“A horse walked in the middle of the street in Libeň and a Russian officer was stumbling behind him. Totally wracked he was. The officer noticed me; he had a gun and wore no hat. Well suddenly he noticed me. He was really loaded. As he approached me, he said:,You German.‘ I had a gun as I was guarding the castle in Libeň, and moreover I wore Luftschutz uniform, so I had to appear really suspicious to those Russians. I had no clue what I should do. The Russian pulled out his riffle. The worst thing was that he could not lift his hand as much as he was drunk, so he was pointing his gun in the area of my genitals. And when it got worse, the horse he was holding onto, began to walk again. The officer got scared, let me go and let the horse drag him along again. Well I got really releaved. The horse was totally cool.“
“We lived in Libeň three houses from the curve. When they killed Heydrich, the Germans were here all the time. Each night a motorcycle with a sidecar went past, they wore green gum uniforms, military gendarmerie, punching in the door with gun-stocks. They searched every single apartment. They had their bayonets installed; they were banging in the yard and you had to open fast. The used their bayonets to throw books out of libraries; as if there was a tramp hidden in behind."
“At first sight he suffered from nothing at all. He looked like a huge man, a farmer maybe. We were supposed to carry him, load him up and carry. He was the heaviest man I´ve ever carried in my life. When he figured out we were to carry him, he just stood up and ran away. Then we caught him, but could not get him to carry. As we were struggling and fighting, finally we bonded him with our belts to the stretcher. That way we drove to the Bulovka hospital, where luckily there was twelve ambulance assistants waiting for us.“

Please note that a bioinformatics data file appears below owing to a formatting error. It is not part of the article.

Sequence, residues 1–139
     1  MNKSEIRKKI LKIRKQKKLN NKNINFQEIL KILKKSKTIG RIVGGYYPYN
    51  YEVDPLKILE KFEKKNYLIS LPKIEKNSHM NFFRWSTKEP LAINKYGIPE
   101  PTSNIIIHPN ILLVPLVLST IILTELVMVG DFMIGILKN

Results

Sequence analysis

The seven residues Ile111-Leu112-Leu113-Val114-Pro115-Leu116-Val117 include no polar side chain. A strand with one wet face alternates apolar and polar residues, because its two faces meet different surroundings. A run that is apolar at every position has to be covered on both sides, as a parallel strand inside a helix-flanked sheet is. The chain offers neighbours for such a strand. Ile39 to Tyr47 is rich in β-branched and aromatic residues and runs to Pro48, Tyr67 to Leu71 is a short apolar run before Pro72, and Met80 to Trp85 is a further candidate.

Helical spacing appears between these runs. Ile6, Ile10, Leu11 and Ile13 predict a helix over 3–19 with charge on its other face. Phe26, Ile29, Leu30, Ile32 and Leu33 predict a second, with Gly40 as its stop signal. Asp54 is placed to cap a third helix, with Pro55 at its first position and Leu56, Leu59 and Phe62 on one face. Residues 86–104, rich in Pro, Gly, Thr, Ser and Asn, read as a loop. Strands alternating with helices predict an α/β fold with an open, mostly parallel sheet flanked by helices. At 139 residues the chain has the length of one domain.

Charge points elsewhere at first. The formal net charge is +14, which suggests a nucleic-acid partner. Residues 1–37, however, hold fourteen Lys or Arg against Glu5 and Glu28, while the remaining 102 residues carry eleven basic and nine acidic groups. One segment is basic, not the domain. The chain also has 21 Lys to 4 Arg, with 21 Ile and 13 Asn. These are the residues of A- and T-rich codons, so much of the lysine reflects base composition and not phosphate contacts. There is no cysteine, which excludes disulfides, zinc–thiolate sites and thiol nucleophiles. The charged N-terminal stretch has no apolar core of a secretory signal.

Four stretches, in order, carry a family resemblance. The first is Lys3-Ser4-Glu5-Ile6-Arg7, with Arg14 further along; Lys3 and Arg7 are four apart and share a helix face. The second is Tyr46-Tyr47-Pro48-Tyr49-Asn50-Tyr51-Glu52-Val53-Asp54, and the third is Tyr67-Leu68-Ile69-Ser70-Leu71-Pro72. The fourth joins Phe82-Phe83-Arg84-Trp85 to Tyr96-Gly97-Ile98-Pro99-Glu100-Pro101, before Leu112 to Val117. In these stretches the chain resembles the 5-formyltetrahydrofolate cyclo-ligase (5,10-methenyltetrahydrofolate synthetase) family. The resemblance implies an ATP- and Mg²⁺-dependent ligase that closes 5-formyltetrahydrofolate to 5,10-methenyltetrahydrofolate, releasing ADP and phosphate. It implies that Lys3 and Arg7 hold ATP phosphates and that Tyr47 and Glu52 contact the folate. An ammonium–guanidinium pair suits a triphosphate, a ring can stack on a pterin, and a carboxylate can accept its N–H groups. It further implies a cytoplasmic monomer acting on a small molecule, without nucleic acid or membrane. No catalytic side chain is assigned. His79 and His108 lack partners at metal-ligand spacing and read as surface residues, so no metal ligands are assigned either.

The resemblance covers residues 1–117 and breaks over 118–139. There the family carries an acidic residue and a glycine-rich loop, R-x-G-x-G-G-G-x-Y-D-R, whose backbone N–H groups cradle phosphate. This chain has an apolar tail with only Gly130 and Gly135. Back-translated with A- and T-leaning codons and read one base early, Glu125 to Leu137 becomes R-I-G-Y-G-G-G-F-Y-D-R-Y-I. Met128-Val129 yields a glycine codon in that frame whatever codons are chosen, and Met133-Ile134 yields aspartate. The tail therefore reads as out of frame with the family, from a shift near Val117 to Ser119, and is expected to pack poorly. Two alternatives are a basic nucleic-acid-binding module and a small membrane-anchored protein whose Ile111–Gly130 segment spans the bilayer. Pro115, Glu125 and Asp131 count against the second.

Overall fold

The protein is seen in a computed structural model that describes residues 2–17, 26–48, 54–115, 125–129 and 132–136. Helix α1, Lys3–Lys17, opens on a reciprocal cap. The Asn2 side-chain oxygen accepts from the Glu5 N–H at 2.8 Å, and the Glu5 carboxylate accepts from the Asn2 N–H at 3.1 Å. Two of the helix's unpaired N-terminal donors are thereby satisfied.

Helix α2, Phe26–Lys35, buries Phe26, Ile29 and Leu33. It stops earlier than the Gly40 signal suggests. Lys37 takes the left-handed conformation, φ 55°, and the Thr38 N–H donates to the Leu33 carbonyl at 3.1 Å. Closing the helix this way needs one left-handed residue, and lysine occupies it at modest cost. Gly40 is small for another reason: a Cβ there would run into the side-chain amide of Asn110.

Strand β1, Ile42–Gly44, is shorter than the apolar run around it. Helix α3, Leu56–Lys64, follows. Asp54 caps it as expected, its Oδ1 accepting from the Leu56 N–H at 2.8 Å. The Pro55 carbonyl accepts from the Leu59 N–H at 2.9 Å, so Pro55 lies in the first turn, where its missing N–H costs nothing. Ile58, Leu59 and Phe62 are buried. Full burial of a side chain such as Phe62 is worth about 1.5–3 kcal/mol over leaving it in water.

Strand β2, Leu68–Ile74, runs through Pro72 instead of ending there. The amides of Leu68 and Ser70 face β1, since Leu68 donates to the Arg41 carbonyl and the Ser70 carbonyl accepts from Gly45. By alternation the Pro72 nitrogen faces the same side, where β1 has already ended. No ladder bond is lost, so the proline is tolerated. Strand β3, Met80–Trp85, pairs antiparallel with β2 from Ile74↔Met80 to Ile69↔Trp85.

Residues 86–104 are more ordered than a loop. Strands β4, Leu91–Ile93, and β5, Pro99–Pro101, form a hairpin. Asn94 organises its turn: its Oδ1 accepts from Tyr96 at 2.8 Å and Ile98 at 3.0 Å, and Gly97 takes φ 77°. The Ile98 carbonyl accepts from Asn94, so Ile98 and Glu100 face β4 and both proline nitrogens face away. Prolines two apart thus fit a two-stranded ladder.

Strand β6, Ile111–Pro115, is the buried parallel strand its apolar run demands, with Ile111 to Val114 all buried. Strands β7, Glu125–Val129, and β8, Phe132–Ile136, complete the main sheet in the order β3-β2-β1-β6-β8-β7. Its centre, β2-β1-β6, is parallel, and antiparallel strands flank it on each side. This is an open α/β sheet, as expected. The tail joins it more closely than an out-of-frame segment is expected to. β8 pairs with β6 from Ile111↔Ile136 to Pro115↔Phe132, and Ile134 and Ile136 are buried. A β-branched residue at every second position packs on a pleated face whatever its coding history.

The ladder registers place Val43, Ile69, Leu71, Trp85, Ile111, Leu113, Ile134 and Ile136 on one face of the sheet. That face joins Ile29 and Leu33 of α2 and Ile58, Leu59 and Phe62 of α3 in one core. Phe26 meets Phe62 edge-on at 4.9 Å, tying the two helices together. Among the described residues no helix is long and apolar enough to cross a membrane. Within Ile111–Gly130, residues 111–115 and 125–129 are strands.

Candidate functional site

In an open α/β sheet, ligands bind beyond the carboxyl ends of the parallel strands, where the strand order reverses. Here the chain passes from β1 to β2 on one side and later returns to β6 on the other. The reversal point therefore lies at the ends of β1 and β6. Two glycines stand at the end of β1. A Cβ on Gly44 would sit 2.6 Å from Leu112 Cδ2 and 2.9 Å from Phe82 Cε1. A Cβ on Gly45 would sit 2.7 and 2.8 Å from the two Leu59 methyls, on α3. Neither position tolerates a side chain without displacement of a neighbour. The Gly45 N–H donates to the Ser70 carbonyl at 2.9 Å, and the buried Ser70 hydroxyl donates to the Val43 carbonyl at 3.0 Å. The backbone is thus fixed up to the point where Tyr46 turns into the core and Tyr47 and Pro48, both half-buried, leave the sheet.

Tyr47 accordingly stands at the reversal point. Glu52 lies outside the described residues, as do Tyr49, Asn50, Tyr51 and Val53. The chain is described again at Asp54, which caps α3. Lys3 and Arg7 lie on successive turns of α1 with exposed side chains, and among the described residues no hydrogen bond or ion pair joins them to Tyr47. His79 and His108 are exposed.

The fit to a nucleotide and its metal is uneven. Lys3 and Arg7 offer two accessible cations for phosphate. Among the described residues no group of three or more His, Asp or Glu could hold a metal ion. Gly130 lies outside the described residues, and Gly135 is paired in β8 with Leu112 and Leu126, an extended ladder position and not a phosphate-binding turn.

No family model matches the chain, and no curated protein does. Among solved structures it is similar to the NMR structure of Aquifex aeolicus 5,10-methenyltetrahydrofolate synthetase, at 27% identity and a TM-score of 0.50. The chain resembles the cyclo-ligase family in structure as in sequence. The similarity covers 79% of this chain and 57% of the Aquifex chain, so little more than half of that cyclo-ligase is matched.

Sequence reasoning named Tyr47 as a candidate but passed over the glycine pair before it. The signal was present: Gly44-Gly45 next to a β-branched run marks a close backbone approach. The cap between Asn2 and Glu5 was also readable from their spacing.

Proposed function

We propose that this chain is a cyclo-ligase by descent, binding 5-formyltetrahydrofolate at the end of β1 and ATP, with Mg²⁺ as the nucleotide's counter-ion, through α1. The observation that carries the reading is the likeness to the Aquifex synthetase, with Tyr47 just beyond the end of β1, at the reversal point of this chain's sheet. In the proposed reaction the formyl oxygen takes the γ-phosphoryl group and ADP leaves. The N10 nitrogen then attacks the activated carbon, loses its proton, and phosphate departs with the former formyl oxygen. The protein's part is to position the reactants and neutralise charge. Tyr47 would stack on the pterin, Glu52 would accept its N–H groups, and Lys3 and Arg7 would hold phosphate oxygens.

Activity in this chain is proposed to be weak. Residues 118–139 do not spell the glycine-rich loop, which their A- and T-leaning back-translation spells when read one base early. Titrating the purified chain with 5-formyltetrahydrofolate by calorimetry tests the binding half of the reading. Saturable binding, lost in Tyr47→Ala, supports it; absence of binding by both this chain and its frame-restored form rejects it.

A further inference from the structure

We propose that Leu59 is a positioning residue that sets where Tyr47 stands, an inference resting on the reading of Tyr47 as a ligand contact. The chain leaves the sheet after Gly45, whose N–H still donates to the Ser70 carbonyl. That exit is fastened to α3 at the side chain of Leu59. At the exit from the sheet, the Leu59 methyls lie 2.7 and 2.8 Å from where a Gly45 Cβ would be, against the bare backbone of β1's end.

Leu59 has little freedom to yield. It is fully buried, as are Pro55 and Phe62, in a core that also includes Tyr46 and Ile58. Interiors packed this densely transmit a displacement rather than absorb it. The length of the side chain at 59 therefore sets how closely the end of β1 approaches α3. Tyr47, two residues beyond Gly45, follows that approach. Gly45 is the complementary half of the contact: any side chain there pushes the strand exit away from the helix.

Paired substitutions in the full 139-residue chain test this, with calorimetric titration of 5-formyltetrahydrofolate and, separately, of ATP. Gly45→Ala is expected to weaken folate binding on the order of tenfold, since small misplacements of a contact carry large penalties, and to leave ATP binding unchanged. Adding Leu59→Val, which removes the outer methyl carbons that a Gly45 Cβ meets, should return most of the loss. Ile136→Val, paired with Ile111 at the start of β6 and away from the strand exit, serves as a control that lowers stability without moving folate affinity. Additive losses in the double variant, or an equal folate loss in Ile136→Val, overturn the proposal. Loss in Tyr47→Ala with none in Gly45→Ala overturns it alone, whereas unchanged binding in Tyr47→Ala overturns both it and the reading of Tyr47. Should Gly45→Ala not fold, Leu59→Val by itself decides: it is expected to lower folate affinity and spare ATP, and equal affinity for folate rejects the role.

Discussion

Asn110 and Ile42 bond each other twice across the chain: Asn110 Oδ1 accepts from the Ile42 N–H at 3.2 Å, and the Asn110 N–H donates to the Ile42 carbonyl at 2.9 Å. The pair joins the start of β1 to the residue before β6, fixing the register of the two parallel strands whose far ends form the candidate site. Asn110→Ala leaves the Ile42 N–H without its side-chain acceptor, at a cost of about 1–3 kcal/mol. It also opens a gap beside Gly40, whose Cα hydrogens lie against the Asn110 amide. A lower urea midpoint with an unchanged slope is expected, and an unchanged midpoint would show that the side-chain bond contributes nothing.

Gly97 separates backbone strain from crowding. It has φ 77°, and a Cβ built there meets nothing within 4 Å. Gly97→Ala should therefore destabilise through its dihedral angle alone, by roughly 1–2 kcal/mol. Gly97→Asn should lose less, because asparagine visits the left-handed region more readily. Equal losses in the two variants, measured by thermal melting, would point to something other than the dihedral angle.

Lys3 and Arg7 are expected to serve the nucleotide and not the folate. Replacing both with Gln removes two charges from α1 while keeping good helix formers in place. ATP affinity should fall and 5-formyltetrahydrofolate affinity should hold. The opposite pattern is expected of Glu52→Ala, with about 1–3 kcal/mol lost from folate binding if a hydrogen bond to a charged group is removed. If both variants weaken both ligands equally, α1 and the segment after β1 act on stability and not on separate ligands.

Sokolovna v Praze Michli, byt pamětníka, 20.04.2012
Oldřich Kafuněk was born on 4 April, 1928 in Lysá nad Labem. At the age of ten he joined the scouting unit and later became one of his leaders. In 1947 he participated in the international scouting jamboree (meeting) in France. During WW2 he lived together with his family in Prague-Kobylisy and experienced search for the assailants of Reinhard Heydrich, the deputy Reich´s Protector. At the end of war he served at the civilian defence, so called Luftschutz, and later as a volunteer at the Prague Revolution Guards battalion. As a guard he served during the execution of Karl Hermann Frank in Prague - Pankrác in 1946. At the beginning of the 1950s he studied biology at the Charles University‘s Faculty of Science, but shortly before his graduation was expelled for political reasons. In the 1950s and 1960s he worked at the Research Institute for Pharmacy and Biochemistry. In 1964 he married; he met his wife as a volleyball coach. His last permanent residence was at the Sokolovna in Prague- Michle, where he worked as a building manager since 1973. He is a father of two children and a grandfather of four grandchildren. His lifelong hobbies include scouting, sports and weapons. A longtime member of the Prague Dixieland, where he played a jazz trumpet. The witness died on June 17, 2017.